Arterial Stiffness as a Cardiovascular Risk Factor for the Development of Preeclampsia and Pharmacopreventive Options
Arterial stiffness (AS) describes the rigidity of the arterial walls. Epidemiological
studies have shown that increased AS is an independent predictive marker of cardiovascular (CV)
morbidity and mortality in both pregnant and non-pregnant women. Preeclampsia (PE), a form of
pregnancy-induced hypertension, affects approximately 5% of pregnancies worldwide. Preeclamptic
women have a higher risk of CV disease (CVD), mainly because PE damages the heart’s ability
to relax between contractions. Different pharmacological approaches for the prevention of PE have
been tested in clinical trials (e.g. aspirin, enoxaparin, metformin, pravastatin, and sildenafil citrate).
In current clinical practice, only low-dose aspirin is used for PE pharmacoprevention. However,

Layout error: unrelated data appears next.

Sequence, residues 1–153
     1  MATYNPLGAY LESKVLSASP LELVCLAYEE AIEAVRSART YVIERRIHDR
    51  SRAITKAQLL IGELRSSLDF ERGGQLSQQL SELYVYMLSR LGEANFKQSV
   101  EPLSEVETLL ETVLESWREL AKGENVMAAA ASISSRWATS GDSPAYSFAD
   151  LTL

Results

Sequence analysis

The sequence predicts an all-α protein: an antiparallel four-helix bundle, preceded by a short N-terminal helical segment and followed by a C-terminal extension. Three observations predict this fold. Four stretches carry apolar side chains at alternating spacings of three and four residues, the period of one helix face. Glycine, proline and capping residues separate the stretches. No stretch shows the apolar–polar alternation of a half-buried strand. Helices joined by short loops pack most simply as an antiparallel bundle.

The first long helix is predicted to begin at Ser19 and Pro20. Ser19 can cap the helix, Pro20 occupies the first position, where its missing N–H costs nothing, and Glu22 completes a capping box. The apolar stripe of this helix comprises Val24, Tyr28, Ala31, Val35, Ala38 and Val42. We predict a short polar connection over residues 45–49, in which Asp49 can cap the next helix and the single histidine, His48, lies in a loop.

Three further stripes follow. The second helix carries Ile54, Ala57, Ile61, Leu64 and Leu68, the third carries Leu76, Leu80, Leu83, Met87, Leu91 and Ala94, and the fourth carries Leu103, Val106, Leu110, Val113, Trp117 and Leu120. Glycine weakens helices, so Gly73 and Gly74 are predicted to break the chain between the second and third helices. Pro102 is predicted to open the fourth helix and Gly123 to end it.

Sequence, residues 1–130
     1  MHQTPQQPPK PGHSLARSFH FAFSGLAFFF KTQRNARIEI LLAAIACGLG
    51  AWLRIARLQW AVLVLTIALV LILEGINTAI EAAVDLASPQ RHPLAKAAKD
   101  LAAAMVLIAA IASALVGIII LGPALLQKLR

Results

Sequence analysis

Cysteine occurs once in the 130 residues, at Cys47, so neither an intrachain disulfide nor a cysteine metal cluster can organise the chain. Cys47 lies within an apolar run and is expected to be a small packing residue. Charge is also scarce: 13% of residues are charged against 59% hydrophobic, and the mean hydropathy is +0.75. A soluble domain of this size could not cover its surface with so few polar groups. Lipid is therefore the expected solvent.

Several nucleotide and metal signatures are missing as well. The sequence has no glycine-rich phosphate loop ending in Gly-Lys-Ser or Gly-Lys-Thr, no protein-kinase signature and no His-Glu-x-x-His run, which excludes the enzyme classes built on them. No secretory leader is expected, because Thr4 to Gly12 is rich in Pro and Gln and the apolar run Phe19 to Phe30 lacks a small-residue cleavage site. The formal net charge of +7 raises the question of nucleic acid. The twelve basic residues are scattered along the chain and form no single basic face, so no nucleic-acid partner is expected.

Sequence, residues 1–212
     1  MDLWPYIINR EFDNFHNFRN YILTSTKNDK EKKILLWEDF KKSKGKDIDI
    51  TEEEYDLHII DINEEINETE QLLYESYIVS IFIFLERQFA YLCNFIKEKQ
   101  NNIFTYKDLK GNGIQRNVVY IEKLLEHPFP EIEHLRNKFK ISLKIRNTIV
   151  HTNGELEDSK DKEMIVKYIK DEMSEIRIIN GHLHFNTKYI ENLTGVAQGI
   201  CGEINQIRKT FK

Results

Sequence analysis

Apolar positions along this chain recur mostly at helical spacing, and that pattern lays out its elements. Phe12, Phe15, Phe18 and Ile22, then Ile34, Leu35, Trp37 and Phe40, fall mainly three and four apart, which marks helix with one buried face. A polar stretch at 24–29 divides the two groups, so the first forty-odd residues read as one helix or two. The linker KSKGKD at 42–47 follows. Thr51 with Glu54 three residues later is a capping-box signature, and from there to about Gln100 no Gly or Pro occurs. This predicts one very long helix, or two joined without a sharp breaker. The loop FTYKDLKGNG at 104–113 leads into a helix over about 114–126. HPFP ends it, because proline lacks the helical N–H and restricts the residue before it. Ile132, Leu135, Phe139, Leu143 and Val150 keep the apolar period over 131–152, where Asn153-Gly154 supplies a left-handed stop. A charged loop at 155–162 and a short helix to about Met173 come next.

low-dose aspirin does not prevent term PE, which is the most common form of PE. Compromised
vascular integrity precedes the onset of PE and therefore, AS assessment may constitute a promising
predictive marker of PE. Several non-invasive techniques have been developed to assess AS.
Compared with normotensive pregnancies, both carotid-femoral pulse wave velocity (cfPWV) and
augmentation index (AIx) are increased in PE. In view of simplicity, reliability, and reproducibility,
there is an interest in oscillometric AS measurements in pregnancies complicated by PE.
Journal Title: Current Vascular Pharmacology